Author Topic: Partial mash/sparge size with full boil  (Read 1813 times)

Offline colinhayes

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Partial mash/sparge size with full boil
« on: August 02, 2011, 08:48:47 AM »
Hi all,

So I'm changing up my brewing method to take advantage of the 3 gal MLT my friend has that I'm brewing with tomorrow.  I normally do BIAB in my 10 gal kettle, but we'll just be using that to boil this time.

So we'll be mashing 5 lb of grain at 1.5 qt/lb which gives us 1.875 gal of water in the mash.  Now before I've done ghetto sparge by placing the grain bags in a colander and pouring water over them, but we'll be doing a batch sparge with the cooler.  Beersmith says I'll need to collect 6.4 gallons of sparge to have enough preboil volume to hit my final target volume (90 min boil with 1 gallon total loss to kettle and fermenter means 7.75 gallons pre-boil).  Now, common sense says that 6.4 gal is WAY too much and that the pH will rise too much and we'll extract bad stuff.

My instinct is to just mash it, drain it, and sparge with ~1.5x the mash volume, or 2.8125 gallons (split into two sparges), and then top off with water in the kettle, which is what I've always done before since my capacity to heat sparge water was really limited.  Is my instinct right?  Could I get away with sparging more?  If I sparge more, should I adjust the pH of the sparge water?  I know sparging should stop when the runoff drops below 1.010, can I just sparge until this happens?  With his other kettle, we should be able to heat as much sparge water as needed, so no worries there.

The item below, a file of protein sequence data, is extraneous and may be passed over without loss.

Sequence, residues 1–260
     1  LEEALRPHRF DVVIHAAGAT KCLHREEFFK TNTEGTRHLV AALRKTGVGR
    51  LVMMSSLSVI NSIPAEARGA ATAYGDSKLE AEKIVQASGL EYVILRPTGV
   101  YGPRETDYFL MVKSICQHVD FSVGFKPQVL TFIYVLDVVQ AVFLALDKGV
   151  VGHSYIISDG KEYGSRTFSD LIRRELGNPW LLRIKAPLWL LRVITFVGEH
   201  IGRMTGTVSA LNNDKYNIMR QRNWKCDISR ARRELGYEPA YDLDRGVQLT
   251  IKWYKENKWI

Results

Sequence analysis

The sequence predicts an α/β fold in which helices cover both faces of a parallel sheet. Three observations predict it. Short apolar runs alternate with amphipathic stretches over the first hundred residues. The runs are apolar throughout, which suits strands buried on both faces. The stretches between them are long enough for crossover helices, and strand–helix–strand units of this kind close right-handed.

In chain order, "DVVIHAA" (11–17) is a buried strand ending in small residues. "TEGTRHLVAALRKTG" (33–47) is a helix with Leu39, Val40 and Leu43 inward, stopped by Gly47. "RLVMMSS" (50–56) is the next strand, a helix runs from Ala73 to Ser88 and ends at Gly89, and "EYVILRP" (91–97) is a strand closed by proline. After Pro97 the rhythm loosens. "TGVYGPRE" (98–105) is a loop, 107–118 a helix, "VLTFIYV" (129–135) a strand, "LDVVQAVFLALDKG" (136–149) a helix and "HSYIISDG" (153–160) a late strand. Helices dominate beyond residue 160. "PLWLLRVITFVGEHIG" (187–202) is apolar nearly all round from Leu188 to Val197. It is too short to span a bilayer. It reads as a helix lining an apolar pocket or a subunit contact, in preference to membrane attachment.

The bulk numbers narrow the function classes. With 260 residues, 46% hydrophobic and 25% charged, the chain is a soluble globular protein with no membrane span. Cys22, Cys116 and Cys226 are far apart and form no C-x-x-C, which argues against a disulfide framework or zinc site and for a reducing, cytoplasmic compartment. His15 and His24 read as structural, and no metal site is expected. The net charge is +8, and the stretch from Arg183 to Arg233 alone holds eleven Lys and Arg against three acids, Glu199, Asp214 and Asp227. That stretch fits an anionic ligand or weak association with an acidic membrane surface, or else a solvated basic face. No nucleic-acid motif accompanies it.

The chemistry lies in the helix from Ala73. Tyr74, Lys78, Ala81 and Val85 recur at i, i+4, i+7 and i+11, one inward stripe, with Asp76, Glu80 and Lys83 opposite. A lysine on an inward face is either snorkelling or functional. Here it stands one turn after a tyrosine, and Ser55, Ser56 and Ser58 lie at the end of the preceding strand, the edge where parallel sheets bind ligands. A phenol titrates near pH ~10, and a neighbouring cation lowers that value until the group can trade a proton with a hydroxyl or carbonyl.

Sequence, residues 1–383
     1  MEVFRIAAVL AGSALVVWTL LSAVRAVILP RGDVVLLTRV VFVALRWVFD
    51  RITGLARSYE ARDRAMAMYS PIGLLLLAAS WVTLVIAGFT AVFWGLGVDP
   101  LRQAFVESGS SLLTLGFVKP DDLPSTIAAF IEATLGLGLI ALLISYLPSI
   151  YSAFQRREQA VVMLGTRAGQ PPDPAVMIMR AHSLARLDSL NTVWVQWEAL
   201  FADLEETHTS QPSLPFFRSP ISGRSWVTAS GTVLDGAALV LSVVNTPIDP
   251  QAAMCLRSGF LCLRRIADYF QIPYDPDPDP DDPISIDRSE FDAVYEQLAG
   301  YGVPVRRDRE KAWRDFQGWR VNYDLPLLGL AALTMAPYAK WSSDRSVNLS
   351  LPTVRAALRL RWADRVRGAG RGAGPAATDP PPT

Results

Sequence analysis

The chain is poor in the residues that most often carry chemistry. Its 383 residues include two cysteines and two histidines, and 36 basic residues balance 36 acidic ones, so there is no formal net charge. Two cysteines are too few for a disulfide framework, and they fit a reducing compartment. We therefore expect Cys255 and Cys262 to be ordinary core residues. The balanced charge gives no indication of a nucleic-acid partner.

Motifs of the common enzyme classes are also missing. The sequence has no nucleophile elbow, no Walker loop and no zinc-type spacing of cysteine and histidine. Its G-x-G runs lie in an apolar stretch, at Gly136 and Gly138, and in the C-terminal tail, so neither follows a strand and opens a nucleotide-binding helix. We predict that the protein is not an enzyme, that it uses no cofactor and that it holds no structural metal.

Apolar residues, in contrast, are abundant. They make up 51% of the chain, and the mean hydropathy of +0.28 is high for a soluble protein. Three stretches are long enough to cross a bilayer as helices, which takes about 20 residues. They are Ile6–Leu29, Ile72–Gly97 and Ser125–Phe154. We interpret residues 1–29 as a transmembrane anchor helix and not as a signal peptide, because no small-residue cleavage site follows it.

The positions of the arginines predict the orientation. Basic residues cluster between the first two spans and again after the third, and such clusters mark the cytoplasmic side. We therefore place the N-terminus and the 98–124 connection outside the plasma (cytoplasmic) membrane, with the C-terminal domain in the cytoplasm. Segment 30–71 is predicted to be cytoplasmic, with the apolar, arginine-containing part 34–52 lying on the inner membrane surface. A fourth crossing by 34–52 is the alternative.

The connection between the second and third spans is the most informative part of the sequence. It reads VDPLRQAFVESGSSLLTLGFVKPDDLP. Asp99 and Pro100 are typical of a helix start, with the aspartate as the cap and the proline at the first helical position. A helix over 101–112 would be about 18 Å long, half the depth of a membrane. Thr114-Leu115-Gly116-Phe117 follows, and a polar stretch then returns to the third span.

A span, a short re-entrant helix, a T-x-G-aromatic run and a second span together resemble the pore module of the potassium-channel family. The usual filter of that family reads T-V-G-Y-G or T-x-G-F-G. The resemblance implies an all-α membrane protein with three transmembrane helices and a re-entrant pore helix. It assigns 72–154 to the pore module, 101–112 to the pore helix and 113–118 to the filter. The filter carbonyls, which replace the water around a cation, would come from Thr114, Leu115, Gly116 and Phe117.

Oy, what should I do?

Cheers,
Colin

Online Jimmy K

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Re: Partial mash/sparge size with full boil
« Reply #1 on: August 02, 2011, 09:03:04 AM »
I'm not sure if batch sparging with the full 6.4 gallons would hurt the beer, but I agree that it is not necessary. After sparging with 2.8 gallons in two sparges, all of the fermentables should be extracted from the grains. More sparging would take a lot of time with not much yield.
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Offline colinhayes

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Re: Partial mash/sparge size with full boil
« Reply #2 on: August 02, 2011, 09:08:54 AM »
that's kind of what I was thinking.

If we can heat all the water we need before, then I won't have to add cold tap water to the kettle and wait another half hour for everything to heat up, which was a major annoyance.